·         We recommend that you make digital copies of your family photos and film in case of accidental damage in transport, but also because of the increased humidity in Costa Rica potentially affecting your originals.

Once you have decided what you want to move, you will need to select a moving company. There are reputable Costa Rica-based moving companies that can handle all of the details from pick up at your old home and delivery to your new Costa Rican address.  You will need a Costa Rica-based moving company to handle the receipt of your goods in Costa Rica. This company is important to manage your shipment through the regulatory process once your items arrive in the country. With that in mind you may want to select your Costa Rica moving company first and ask them for recommendations on who to use at your point of origin if a local company is also needed.  Your local moving company may have an existing relationship through international moving associations so they are also a good resource.

Moving to Costa Rica

We are often asked how much it will cost to make the move to Costa Rica. Each move is unique based on the point of origin and the makeup and size of your shipment. Getting written quotes that include all terms and conditions related to services included in the quote is a good way to come up with your personal estimate.  Some moving companies base their rates on total weight of the shipment and others base rates on the volume of your shipment (cubic feet). It is good to assess which method will result in the most favorable pricing given the items that make up your shipment.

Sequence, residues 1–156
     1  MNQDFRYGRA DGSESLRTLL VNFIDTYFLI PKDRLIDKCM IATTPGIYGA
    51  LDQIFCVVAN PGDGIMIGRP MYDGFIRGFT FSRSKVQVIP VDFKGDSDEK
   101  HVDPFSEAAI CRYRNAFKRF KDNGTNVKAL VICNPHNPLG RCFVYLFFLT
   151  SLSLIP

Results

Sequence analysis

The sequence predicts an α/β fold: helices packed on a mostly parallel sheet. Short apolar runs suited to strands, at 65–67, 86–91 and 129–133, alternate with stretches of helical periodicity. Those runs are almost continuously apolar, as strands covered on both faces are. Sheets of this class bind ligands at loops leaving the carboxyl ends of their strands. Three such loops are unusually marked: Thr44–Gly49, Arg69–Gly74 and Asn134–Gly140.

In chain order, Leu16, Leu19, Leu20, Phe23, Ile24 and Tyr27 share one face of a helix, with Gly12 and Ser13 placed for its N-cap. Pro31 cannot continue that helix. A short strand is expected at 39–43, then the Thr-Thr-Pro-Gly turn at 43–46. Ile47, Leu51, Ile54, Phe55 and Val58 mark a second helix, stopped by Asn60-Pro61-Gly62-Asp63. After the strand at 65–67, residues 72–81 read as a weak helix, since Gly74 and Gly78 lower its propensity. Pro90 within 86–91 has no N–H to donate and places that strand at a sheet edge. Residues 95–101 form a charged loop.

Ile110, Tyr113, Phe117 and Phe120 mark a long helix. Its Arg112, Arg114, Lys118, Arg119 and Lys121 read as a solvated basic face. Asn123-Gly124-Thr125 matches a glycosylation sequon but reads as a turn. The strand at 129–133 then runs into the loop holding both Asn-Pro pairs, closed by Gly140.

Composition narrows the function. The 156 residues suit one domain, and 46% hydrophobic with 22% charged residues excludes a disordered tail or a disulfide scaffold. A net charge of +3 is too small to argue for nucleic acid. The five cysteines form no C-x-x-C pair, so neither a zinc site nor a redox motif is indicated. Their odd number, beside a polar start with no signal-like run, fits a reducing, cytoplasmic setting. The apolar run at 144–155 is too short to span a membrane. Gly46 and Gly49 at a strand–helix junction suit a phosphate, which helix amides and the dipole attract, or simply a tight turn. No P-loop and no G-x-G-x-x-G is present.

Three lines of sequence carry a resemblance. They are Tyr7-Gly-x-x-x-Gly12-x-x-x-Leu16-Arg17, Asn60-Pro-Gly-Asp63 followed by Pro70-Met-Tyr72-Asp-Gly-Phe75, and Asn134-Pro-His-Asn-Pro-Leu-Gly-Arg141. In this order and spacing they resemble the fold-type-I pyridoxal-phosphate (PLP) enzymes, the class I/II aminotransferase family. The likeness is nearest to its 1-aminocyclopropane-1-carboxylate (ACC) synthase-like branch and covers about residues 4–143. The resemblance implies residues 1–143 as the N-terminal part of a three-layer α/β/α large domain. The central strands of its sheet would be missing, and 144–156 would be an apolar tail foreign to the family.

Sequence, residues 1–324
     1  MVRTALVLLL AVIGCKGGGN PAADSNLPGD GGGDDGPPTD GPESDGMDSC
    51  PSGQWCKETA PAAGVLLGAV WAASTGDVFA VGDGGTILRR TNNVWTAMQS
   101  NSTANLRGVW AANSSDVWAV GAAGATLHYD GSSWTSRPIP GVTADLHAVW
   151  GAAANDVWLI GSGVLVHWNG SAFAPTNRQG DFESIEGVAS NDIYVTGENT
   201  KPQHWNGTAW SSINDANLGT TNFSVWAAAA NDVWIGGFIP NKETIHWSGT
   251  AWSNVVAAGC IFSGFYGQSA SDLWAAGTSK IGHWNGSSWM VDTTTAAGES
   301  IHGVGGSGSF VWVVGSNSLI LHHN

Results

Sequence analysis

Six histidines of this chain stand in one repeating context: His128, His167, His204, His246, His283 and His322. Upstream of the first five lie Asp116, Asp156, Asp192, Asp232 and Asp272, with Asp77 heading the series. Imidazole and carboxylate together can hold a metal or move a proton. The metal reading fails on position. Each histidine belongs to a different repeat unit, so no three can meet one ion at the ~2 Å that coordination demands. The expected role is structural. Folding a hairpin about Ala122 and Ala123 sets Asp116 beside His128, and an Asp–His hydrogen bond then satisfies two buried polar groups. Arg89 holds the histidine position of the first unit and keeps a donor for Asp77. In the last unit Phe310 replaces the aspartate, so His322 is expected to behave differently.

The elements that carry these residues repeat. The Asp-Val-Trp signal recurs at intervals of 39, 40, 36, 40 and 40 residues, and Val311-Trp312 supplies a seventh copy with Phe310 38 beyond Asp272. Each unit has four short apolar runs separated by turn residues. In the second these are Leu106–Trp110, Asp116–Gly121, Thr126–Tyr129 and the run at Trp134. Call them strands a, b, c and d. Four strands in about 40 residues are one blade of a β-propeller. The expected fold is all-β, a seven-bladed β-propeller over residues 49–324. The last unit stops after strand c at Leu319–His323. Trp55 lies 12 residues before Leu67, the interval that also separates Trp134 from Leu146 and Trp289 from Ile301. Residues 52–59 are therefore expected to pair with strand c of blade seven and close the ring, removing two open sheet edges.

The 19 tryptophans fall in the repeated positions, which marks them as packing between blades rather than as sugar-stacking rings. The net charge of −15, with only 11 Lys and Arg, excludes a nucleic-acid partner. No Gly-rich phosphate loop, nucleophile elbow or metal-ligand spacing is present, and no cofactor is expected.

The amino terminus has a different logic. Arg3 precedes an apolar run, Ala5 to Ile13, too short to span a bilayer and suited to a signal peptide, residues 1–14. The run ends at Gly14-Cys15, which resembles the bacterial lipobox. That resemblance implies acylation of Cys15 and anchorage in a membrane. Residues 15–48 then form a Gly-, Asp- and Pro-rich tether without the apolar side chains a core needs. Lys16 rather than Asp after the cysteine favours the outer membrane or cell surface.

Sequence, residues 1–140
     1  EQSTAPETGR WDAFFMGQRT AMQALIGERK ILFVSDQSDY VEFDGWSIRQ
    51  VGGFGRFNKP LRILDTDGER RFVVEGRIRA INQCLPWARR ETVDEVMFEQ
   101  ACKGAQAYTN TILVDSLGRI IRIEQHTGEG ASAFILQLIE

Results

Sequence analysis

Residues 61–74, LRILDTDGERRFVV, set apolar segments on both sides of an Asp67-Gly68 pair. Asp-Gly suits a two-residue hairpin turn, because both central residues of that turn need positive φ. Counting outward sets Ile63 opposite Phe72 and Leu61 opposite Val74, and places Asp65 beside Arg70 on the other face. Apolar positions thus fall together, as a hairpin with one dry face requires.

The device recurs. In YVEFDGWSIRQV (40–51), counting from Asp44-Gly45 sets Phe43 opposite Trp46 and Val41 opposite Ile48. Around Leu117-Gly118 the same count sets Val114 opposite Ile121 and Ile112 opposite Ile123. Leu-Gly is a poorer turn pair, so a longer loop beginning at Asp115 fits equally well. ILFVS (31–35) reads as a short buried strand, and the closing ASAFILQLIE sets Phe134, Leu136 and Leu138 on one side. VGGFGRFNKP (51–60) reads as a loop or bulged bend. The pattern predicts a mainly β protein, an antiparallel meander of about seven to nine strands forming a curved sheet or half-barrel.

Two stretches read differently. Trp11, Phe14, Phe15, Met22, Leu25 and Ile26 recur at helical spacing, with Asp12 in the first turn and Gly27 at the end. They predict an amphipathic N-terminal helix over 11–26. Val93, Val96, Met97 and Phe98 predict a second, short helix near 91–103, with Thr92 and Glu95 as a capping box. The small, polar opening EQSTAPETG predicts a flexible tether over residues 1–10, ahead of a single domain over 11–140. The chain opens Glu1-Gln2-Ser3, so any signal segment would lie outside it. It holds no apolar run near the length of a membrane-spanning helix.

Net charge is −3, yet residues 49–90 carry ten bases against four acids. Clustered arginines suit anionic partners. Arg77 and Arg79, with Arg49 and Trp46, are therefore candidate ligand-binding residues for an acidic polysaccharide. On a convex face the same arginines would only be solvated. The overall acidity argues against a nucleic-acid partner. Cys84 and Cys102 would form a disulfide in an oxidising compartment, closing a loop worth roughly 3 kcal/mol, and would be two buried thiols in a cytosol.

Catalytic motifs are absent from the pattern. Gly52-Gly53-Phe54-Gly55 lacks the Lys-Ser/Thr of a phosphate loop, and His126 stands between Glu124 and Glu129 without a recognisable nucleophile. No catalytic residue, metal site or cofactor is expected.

As a part of estimating the cost of your move, you will want to investigate what customs charges you may incur when moving your belongings to Costa Rica. Customs regulations are covered in Article 3 of the Costa Rica Customs Law which regulates the import of used household goods. A Costa Rican customs broker is a good resource for the most current information about your shipment.

References based on first hand experience are always a good resource.  As is always the case with big decisions, it is important to research and obtain reliable references for all services involved in your move to Costa Rica. Osa Tropical Properties can put you in touch with clients who have made the move and can provide you with references and helpful hints from their experience. We also have the first-hand information that will help you in the process of planning and organizing your move to Costa Rica.

Whether you are moving to Costa Rica to start your retirement or to pursue a new business opportunity, there is no denying that a move can be stressful. Careful research and planning up front can help you minimize the stress and opportunity for surprises along the way. And once you and your personal belongings are settled in your new home in Costa Rica you will realize that it was all worth it to live in paradise.